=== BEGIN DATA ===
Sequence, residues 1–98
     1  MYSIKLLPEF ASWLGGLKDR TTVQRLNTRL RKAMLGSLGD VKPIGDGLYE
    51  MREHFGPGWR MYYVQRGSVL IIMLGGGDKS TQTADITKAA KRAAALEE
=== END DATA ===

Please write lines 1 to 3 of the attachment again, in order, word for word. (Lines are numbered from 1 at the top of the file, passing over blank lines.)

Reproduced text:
Sequence, residues 1–98
     1  MYSIKLLPEF ASWLGGLKDR TTVQRLNTRL RKAMLGSLGD VKPIGDGLYE
    51  MREHFGPGWR MYYVQRGSVL IIMLGGGDKS TQTADITKAA KRAAALEE